Also, Rio Grande deserves the additional exposure, being the most neglected, and least appreciated, of Ford’s cavalry trilogy, which includes Fort Apache (1948) and She Wore A Yellow Ribbon (1949). This is not to say, now, that Rio Grande is better than its two companions—it isn’t. The negatives include reduced action and a less interesting change of theme in the second half. The film being more studio-bound than its two companions only seems to accentuate the absence of Monument Valley, Ford’s trademark location for so many Westerns. For some, including this writer, the film contains too much singing by the Sons of the Pioneers. Ford loved any excuse to have vocalizing on the screen, and music was required accompaniment on his sets.
(A personal note: because The Horse Soldiers has a Civil War theme, rather than being a Western about Injun-fightin’, it has always been disqualified by critics from what could comprise Ford’s “cavalry quartet.” Underrated to start with, the film also stars Wayne and should be among the other three movies.)
In an impressive shot by cinematographer Bert Glennon, Rio Grande opens with the dusty return of Lt. Col. Kirby Yorke’s (Wayne) cavalry unit. The wounded are on travoises, pole litters dragged on the ground behind horses, while the captured Apaches ride with their arms tied behind their backs. Silhouetted in the foreground against the dust, the gathered women look anxiously for their men among the half-concealed horsemen. Glennon also photographed Cecil B. DeMille’s 1922 The Ten Commandments and Ford films including The Prisoner of Shark Island (1936), Young Mr. Lincoln, Stagecoach and Drums Along the Mohawk (all three 1939) and Sergeant Rutledge (1960).
Posted at a fort in Texas, Yorke is visited by Lt. Gen. Philip Sheridan (J. Carol Naish). It’s been fifteen years since they rode together down the Shenandoah Valley, meaning, though not said, since they laid waste every farm and crop they could find in their Civil War campaign of 1864. The two men discuss Yorke’s problem, a shortage of men, and their shared problem, the diplomatic inability of the cavalry to cross the Rio Grande after marauding Apaches.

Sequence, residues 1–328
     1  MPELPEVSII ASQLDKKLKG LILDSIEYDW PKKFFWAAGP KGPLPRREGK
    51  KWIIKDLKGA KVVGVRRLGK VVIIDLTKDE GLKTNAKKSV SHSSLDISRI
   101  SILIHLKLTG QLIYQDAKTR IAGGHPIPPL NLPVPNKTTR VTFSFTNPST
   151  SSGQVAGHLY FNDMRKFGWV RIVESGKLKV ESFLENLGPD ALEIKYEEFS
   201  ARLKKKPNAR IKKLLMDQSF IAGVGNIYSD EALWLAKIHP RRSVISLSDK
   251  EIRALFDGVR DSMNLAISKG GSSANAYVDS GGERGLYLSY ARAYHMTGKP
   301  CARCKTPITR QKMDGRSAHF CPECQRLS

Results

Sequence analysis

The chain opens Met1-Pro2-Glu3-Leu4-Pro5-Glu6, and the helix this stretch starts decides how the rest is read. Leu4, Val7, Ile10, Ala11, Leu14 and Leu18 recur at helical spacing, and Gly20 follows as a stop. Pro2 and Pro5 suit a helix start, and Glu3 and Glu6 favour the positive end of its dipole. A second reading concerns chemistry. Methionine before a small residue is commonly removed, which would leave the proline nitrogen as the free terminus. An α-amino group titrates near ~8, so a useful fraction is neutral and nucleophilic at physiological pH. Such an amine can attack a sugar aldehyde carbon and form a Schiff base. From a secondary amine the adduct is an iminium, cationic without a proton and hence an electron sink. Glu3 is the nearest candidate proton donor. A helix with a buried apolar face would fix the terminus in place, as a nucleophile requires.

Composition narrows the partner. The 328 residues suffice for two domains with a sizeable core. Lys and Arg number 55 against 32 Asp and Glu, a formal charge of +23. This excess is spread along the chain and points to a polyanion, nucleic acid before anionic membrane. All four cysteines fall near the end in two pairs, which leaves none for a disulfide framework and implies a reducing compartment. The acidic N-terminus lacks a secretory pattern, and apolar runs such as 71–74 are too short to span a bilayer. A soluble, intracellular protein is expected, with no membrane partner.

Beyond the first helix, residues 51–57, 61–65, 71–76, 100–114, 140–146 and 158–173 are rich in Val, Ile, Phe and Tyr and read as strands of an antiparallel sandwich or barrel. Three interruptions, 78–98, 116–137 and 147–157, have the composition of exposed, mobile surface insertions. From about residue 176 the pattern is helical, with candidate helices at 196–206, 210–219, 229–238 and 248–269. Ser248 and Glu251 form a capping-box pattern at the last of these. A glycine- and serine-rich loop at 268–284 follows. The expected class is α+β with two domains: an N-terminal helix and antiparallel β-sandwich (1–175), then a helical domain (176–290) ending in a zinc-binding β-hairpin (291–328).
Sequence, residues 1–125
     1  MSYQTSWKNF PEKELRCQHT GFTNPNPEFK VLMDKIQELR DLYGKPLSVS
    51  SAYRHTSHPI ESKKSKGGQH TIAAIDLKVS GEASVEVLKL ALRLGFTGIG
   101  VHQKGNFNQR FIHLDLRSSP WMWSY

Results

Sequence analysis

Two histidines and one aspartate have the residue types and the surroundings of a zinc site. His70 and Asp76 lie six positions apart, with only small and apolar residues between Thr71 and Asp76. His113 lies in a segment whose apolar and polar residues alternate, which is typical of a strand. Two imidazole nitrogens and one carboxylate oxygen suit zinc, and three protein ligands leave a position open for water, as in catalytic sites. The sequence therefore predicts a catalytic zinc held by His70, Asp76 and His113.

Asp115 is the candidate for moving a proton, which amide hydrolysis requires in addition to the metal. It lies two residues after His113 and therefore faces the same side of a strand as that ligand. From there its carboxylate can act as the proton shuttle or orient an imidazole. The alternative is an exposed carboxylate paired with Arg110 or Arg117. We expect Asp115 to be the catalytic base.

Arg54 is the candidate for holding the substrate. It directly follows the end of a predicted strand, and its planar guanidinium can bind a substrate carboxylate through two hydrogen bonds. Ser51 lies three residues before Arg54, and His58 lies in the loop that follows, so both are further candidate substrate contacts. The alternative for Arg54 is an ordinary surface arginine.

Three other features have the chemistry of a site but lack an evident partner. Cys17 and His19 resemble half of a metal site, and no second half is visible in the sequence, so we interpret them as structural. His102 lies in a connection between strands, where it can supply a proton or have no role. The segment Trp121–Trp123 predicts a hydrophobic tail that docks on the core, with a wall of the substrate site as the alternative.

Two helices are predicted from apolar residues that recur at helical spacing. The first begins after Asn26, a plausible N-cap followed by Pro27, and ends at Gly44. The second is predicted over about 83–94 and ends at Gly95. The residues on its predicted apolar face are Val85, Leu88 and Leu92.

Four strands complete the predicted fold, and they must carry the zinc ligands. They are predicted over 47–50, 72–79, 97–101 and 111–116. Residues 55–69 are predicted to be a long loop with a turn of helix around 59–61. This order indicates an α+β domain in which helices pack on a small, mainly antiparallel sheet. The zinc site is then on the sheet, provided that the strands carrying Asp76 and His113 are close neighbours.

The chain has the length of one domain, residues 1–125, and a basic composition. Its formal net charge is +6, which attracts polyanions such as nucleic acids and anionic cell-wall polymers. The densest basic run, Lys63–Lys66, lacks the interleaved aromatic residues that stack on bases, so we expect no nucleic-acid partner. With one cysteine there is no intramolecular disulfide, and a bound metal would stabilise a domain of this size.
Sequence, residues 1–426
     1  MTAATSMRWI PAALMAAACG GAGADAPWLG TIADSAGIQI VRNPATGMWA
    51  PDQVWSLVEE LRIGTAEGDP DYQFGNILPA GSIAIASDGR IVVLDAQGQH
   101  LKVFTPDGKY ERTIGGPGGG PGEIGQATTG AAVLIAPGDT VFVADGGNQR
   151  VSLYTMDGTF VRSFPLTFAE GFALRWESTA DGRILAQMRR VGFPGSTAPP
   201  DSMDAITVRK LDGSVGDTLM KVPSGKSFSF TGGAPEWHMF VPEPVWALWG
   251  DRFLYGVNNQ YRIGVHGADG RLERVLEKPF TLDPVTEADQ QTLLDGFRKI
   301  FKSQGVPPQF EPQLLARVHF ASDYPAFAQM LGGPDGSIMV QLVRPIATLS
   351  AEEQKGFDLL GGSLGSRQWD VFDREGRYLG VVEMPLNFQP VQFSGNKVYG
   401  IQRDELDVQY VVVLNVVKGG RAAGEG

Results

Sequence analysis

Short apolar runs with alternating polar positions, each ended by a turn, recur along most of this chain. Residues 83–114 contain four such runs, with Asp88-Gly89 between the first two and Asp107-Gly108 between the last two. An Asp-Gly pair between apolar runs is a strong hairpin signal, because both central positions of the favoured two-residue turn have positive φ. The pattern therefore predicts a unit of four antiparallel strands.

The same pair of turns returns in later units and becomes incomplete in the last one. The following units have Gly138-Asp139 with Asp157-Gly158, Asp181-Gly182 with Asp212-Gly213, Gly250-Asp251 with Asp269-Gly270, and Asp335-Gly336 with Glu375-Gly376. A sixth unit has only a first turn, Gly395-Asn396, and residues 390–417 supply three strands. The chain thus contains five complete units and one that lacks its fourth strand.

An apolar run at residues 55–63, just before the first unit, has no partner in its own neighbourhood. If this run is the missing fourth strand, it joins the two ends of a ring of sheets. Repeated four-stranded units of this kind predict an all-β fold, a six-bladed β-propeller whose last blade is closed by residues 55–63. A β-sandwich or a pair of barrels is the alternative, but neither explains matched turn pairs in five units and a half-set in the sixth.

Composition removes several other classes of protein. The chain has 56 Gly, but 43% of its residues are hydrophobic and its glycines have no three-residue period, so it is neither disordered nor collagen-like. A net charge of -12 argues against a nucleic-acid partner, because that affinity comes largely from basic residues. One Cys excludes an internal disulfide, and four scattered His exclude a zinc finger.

Among a group of eighteen recruits comes Yorke’s son, trooper Jeff (Claude Jarman, Jr.), fresh from having failed at West Point. The colonel, in an effort to avoid showing any favoritism toward his son, becomes overly harsh toward him. At the same time, he allows a fight between Jeff and another soldier to continue rather than stop it and appear over-protective.
Jeff, however, shows his mettle and, beyond any sympathy from his father, earns the respect of two fellow recruits, Daniel (Harry Carey, Jr.) and Travis (Ben Johnson), when Sgt. Maj. Quincannon (Victor McLaglen) orders the three to ride “like the ancient Romans,” that is, ride standing up, with a foot on each of two horses galloping abreast. Daniel and Travis have difficulty, but Jeff does it, amazingly, the first time and impresses all.
(It was, of course, John Ford who wrote this ride into the script and, three weeks before filming began, ordered the three men to learn to do it. Johnson gave excuses, that it might take longer to train the horses, and when Jarman, who had made a number of Westerns, did it after ten minutes, Johnson was a little more than irritated. One can wonder why Ford risked his actors in such a dangerous stunt. What are extras for? And, to defeat the logic of having his stars do it, Ford shot the sequence in long shots, so the audience assumes the riders were, after all, stuntmen.)
Yorke’s participation in the Shenandoah campaign becomes a fresh reminder when his estranged wife, Kathleen (O’Hara), arrives. It was both Yorke and Quincannon who had put the torch to Kathleen’s plantation. She has come to take her boy home, armed with the required $100. Father and son both resist her idea. Jeff reminds her that his signature, as well as his father’s, is required on any discharge request.